“While I was initially surprised at black actors playing Lord Asriel and Roger (David Harewood and Darren Hart respectively), they both gave great performances”.

People’s illusions might get broken briefly, but the story/character brings them back into it.

Now those examples were expectations on fantasy which I think we can all agree, have no real reason not to be more open. On your point of historical European pieces, yes, absolutely it would be jarring to throw, say, an Asian Mr. Darcy when it’s extremely unlikely such a figure could exist.

HOWEVER!

Whatever people expect as real has often been either distorted or entirely made up.

In his essay, Television Culture, John Fiske states, “what passes for reality in any culture is the product of that culture’s codes, so ‘reality’ is always already encoded, it is never raw’. (A rough breakdown is here: http://media.litmuse.net/bibliography/john-fiske-the-codes-of-television-by-paul-meloun.)

People are more and more obsessed with aggressive verisimilitude these days. I found the case of The Hurt Locker fascinating. A film praised left and right for being “real”.

Yet in order for Bigelow’s impression of reality to function, it has to rely on pre-existing codes. The visual system she employs can be traced back to Gillo Pontecorvo’s 1966 film, The Battle of Algiers. That film borrowed its aesthetic from documentary camera work, and numerous war and action films have since made use of this style for the same effect, cementing its codification as system of verity, and allowing it to “short circuit the unreality of the image in order to present us the truth of the object.” (As Baudrillard says). It’s amazing to think but it really as simple as this – if a creative uses the right ‘signals’, we are inherently more likely to believe what we’re shown is truthful.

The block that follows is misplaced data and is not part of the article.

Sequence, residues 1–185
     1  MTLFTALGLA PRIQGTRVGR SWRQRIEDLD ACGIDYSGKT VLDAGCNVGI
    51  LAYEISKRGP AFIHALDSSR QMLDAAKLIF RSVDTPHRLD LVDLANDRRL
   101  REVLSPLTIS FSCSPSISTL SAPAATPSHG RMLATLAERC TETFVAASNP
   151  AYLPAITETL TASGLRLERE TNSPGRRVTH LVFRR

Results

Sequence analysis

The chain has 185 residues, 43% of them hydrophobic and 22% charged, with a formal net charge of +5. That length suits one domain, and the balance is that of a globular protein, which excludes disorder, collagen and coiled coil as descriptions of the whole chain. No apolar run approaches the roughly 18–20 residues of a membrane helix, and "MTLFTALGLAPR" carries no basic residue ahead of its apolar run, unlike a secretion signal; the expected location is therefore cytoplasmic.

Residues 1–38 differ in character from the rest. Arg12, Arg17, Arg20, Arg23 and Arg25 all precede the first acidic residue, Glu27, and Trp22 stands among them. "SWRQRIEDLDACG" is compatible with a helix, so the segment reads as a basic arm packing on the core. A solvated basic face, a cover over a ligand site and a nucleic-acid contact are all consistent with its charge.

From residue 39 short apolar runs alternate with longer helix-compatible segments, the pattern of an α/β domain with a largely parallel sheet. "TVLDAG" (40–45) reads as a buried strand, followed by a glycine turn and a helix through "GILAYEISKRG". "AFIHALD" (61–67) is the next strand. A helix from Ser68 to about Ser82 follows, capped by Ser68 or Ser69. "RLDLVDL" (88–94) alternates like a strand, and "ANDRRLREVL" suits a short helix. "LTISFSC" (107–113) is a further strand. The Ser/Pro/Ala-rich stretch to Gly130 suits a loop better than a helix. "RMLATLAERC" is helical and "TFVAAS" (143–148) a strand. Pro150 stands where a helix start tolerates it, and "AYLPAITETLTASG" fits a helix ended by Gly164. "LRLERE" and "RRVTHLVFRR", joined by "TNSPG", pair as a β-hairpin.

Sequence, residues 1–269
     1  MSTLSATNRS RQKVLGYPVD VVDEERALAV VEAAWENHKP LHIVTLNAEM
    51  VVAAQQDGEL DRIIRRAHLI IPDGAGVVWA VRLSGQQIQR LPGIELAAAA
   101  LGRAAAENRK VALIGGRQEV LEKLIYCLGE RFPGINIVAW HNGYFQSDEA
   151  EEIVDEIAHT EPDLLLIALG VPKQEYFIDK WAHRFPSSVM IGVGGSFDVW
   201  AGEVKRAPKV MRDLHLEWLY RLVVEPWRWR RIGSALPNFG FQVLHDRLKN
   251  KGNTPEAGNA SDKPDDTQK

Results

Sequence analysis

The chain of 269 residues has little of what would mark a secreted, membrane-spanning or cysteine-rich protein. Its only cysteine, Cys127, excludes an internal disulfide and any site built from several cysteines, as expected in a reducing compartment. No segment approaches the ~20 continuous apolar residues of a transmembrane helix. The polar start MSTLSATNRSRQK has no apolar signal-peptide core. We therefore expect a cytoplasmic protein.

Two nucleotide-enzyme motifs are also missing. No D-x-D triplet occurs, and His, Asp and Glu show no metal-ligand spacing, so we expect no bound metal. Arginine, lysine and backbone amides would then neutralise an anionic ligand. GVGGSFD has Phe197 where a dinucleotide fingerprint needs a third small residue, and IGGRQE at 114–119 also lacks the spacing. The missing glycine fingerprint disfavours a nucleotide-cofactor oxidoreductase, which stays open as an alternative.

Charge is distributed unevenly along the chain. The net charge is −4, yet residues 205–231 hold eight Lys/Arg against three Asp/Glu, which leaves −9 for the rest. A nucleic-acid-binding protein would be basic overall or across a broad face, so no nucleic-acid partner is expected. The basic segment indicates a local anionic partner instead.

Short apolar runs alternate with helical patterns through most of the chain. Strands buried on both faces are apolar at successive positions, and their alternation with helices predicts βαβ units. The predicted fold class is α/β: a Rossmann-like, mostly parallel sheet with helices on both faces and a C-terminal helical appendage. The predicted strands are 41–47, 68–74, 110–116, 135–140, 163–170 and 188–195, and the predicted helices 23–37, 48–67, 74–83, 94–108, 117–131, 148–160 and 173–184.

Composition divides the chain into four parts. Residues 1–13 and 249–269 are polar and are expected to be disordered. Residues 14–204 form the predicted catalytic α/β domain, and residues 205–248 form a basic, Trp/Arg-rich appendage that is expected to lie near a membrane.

Even general knowledge of period dramas are also coded by other period dramas, not necessarily reality or the author’s intent.

Heathcliff, for example, is described as dark-skinned  (also a gypsy) by Bronte in Wuthering Heights, but  to my knowledge there’s only been one adaptation (the recent Andrea Arnold one) that’s taken that even vaguely into account. I suspect most people view Heathcliff as broody and almost certainly white. Mr. Darcy seems inseparable from THAT wet shirt scene from the BBC adaptation, though Austen never wrote it.

Macbeth was written to please a new king, not as a historical artefact. It is, on very many levels absolute bull (It’s even got ghosts and witches in it!). Even Shakespeare’s history plays are riddled with inaccuracies.

So we get used to things as ‘truth’, even when they’re not necessarily anything to do with it. That’s why people baulked at Michael Mann’s Public Enemies on an aesthetic level. That’s Not What That Period Looked Like.

As such, producers do not play to truth – they play to expectation of truth. Which is a shame because, as Emma says, audiences can actually suspend their disbelief of reality (coded or otherwise) more easily than most give them credit for.